- The Washington Times - Thursday, March 10, 2011

Four years ago, Congress in its infinite wisdom extended daylight saving time (DST) by a month, with the goal of saving energy. Lots of energy.

The bill’s champion, Rep. Edward J. Markey, Massachusetts Democrat, said it would save consumers a generous $4.4 billion over 15 years.

Of course, Mr. Markey was just repeating what has long been an established truism among policymakers: Setting the clocks forward in the spring saves energy because people don’t have to turn their lights on as much as at night.

Just one problem. While daylight saving time might “save” daylight, it doesn’t appear to save energy. In fact, it very well might do the opposite.

A study published by the National Bureau of Economic Research found that daylight saving time actually ended up increasing energy consumption.

That study looked at Indiana, where until 2006, only 15 of the state’s 92 counties abided by DST. That year, a state law required all Hoosiers to “spring forward,” which let researchers compare the energy consumption of millions of homes before and after the change.

What did they find? Daylight saving added about 1 percent - or $9 million - to Indiana homeowners’ electricity bills, owing mainly to increased heating and cooling bills.

Another study looked at California before and after DST was extended in 2007 and found no statistically significant effect on energy consumption, nor did a study in Australia.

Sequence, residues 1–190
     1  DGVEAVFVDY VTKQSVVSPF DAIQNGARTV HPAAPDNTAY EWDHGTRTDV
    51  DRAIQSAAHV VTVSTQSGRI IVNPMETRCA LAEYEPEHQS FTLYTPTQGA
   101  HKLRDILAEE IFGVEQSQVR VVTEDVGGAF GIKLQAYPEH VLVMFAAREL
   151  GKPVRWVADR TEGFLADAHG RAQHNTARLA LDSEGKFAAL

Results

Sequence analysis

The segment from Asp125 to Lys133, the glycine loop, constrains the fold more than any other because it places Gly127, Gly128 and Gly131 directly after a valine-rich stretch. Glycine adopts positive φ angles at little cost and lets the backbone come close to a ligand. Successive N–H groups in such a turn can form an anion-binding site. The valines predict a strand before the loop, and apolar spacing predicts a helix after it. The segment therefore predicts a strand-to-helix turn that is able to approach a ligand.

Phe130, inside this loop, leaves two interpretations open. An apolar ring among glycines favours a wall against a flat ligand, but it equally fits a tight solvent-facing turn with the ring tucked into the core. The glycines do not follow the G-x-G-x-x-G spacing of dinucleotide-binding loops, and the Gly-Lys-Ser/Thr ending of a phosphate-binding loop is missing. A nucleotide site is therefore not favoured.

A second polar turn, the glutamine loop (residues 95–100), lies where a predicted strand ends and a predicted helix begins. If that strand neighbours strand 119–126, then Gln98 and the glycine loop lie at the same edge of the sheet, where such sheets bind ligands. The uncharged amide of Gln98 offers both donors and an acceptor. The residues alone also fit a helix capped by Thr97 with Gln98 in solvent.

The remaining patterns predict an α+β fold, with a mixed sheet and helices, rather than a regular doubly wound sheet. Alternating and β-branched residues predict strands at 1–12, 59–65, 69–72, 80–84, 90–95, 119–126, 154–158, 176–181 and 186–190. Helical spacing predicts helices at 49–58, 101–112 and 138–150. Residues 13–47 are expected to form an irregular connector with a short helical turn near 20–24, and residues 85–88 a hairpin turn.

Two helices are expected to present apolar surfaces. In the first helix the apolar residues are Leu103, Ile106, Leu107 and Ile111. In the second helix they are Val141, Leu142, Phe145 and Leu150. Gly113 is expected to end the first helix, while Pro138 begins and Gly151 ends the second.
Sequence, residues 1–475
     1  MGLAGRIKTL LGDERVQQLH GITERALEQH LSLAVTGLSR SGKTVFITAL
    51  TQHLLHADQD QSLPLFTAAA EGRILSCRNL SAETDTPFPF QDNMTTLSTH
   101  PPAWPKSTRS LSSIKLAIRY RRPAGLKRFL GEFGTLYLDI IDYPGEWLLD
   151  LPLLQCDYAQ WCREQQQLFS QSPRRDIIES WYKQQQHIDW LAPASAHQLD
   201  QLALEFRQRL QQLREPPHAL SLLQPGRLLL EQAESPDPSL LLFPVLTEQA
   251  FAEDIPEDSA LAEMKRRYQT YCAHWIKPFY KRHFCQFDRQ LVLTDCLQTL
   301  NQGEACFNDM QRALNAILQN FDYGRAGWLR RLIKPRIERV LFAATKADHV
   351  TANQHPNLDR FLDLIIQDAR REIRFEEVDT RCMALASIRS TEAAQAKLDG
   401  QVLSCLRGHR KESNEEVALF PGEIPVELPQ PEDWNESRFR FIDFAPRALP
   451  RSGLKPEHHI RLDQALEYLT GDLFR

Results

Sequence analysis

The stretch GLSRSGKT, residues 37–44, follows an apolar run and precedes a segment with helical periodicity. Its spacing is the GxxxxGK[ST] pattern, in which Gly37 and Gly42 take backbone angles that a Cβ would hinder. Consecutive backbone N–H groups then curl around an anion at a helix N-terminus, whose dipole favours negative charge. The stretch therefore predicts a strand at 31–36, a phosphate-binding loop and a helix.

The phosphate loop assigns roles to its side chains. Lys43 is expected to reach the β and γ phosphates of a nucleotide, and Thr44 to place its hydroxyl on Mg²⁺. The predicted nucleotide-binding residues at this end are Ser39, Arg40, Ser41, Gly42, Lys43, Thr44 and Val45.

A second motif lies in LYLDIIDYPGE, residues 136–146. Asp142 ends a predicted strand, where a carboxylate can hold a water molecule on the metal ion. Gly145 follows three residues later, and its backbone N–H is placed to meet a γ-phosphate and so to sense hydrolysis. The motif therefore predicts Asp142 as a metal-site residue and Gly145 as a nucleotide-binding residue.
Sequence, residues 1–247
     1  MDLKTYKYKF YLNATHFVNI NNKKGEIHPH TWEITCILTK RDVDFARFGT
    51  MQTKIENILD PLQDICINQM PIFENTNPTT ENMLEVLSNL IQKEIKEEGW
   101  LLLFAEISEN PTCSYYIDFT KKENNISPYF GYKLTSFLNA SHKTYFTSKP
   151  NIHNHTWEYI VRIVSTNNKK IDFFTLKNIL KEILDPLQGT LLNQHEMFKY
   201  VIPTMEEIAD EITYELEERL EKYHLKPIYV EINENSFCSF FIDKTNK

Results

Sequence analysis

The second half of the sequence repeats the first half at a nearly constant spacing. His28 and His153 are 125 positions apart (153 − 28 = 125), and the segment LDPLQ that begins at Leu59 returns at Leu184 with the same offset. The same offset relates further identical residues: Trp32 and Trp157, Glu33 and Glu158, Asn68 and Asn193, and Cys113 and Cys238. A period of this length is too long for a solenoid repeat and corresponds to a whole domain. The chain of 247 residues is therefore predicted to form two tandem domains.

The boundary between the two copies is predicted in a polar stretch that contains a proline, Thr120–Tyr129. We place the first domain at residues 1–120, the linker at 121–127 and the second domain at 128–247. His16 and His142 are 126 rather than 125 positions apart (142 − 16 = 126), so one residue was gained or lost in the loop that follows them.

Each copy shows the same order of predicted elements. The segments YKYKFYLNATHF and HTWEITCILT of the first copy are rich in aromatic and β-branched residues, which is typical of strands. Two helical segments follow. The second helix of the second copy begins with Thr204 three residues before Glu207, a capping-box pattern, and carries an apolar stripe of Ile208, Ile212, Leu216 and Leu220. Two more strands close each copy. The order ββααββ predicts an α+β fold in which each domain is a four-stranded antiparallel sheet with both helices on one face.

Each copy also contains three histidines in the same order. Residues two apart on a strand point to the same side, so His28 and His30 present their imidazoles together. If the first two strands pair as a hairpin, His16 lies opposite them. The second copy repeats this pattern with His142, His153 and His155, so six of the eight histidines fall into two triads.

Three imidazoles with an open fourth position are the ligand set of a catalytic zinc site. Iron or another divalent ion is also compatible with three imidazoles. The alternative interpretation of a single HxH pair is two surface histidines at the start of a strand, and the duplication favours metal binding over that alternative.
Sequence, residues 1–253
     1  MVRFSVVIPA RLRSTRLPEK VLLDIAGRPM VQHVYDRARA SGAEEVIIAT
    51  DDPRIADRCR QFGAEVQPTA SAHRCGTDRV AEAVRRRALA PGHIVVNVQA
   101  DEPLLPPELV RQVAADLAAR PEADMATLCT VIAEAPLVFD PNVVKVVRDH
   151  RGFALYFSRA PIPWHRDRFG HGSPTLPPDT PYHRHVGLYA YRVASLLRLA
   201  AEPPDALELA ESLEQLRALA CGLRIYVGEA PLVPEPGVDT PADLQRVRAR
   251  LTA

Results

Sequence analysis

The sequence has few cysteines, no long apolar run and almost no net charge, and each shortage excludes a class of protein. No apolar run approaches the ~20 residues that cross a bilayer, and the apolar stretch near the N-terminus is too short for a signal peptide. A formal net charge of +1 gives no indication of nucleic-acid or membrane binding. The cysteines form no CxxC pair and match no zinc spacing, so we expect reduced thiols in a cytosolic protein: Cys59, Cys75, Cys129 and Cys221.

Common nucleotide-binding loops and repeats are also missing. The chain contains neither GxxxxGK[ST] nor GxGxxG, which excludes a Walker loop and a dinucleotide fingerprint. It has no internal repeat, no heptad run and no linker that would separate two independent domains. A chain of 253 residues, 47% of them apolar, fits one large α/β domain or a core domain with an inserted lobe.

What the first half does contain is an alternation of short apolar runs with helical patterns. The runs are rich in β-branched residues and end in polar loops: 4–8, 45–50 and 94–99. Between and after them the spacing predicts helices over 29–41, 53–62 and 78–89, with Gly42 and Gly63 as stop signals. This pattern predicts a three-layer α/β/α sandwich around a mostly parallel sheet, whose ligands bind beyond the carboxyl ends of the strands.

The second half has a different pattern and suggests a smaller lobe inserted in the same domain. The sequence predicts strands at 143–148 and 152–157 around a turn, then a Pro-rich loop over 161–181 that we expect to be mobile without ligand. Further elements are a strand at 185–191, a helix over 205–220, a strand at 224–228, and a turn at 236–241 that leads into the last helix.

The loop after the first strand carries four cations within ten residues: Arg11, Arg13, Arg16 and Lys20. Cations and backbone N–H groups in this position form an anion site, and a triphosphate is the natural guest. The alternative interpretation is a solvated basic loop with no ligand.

There have likewise been oft-repeated claims that DST saves lives by cutting traffic accidents. After all, we all know that driving in the dark is more dangerous, so it stands to reason that pushing sunset back an hour should cut crashes.

But while some studies found no meaningful overall effect, and some slight benefit, at least a few studies found that traffic accidents climbed as much as 7 percent in the days immediately after switching to DST - because drivers are more tired from losing the hour of sleep. And these studies found that accidents didn’t go down nearly as much after the clocks fall back.

If that’s true, daylight saving time causes more highway deaths, not fewer.

Meanwhile, there’s the hidden cost of daylight saving time - the time spent changing all the clocks we own back and forth. One economist put a dollar figure on that wasted effort: $1.7 billion a year.

All of which raises the question of whether the annual ritual is worth it.

But these findings also raises a more troubling question: If we’re wrong about the benefits of daylight saving time, what other supposedly well-established facts could turn out to be wrong on closer examination?

Will we be told that ethanol doesn’t cut greenhouse-gas emissions or reduce our dependency on oil imports? (They don’t. A 2008 study in Science, for example, found, “Using good cropland to expand biofuels will probably exacerbate global warming.” And a 2010 Manhattan Institute study found that ethanol hasn’t cut oil imports.)

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